Moscow will not allow any provocations in the Donbass region from the Ukrainian government or the West, Konstantin Gavrilov, the head of the Russian delegation in Geneva, said in an interview with YouTube channel ‘Izolenta live’. Gavrilov stressed that Russia had sent a “loud and clear” warning to all media. He added that by continuing to accuse Russia of planning an invasion of Ukraine, the West and Kyiv are trying to establish informational cover for these provocations.
Moreover, he warned that the Kremlin would not accept any attacks on Russian residents living in the region. On December 21, Russian Defense Minister Sergei Shoigu announced that Russia was aware of at least 120 US private military contractors (PMCs) in Ukraine who were transporting unspecified chemical components to cities in Avdeevka and Krasny Liman. The buffer zone separating the Ukrainian armed forces and the self-proclaimed people’s republics of Donetsk and Lugansk is not far from these two cities. This, according to Shoigu, was done in order to provoke the Donbass region.
Shoigu’s claims have been called absolutely incorrect by the US Department of Defense. However, the Pentagon spokesperson did not specify which aspects of Shoigu’s claims were inaccurate and how the Pentagon knew. Gavrilov’s warnings to Kyiv and the West about provocations in the Donbass region come as tensions in the region remain high. Western countries have accused Russia of gathering troops near the Ukrainian border, raising fears that Moscow is planning an invasion.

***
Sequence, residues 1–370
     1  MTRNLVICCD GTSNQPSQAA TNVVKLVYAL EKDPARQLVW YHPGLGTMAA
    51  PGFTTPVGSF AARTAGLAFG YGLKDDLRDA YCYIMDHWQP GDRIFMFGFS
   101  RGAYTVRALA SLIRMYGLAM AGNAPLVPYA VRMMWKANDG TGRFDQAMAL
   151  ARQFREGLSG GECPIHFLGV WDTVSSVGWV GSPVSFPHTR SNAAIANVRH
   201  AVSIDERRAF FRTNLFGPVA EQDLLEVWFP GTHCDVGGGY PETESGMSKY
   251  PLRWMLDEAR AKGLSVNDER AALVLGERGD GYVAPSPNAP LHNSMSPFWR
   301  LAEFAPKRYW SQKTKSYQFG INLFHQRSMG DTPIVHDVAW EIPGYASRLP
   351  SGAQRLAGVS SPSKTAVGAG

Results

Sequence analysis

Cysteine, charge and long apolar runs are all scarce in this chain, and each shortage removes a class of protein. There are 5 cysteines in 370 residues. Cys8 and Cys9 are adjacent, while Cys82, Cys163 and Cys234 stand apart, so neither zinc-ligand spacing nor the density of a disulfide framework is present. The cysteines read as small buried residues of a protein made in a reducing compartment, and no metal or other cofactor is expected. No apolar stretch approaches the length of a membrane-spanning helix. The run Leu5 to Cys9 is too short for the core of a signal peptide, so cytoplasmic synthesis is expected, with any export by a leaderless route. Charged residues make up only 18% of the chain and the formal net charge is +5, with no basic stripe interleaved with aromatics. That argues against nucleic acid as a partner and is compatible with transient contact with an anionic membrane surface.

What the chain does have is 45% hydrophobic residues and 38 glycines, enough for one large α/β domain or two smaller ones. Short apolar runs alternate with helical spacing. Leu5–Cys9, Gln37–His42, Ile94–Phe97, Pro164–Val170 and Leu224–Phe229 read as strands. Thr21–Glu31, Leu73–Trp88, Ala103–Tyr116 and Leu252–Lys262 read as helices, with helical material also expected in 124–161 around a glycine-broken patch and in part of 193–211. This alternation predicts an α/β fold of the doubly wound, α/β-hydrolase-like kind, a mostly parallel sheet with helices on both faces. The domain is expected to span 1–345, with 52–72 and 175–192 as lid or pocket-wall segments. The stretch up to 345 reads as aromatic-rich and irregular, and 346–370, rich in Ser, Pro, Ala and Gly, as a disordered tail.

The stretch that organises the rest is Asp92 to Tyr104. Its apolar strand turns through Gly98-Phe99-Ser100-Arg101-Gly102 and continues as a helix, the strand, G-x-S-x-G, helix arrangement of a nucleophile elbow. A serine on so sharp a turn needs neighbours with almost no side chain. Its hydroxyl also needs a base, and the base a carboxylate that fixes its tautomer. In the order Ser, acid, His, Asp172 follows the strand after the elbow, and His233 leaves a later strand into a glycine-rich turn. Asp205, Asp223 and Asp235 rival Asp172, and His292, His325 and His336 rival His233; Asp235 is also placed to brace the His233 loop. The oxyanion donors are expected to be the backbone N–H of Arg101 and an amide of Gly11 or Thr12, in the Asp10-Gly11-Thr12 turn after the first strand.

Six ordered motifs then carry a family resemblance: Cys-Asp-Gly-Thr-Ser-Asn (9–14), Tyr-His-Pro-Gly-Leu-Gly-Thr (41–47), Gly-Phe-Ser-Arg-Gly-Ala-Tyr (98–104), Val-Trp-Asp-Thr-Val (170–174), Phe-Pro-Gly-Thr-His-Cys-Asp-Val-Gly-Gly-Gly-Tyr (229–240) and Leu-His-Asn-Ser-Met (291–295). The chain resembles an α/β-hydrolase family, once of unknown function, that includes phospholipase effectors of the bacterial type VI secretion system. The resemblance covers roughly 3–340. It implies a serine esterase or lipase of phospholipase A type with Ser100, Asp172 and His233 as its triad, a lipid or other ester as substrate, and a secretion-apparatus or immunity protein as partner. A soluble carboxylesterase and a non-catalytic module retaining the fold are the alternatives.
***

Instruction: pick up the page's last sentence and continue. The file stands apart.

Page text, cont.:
The Russian-Ukrainian conflict
The Kremlin has vehemently disputed the charges and lambasted the critics, saying Russia has the sovereign right to send its armed forces wherever it wishes within its borders. Russian diplomats met with their counterparts from the United States and NATO earlier this month to discuss ways to defuse tensions and restore strategic stability. Moscow sent its recommendations, which included a mutual reluctance to deploy certain armaments near each other’s borders as well as a demand that NATO not expand eastward.
Although NATO rejected the majority of the recommendations, the United States still welcomed the January talks, describing them as the start of a dialogue. Washington has pledged to respond in writing to Russia and formulate its own ideas. Simultaneously, the West maintained its rhetoric accusing Russia of plotting an invasion of Ukraine. The United States has created a list of alternatives to respond to such an offensive, including varying degrees of sanctions against Russia.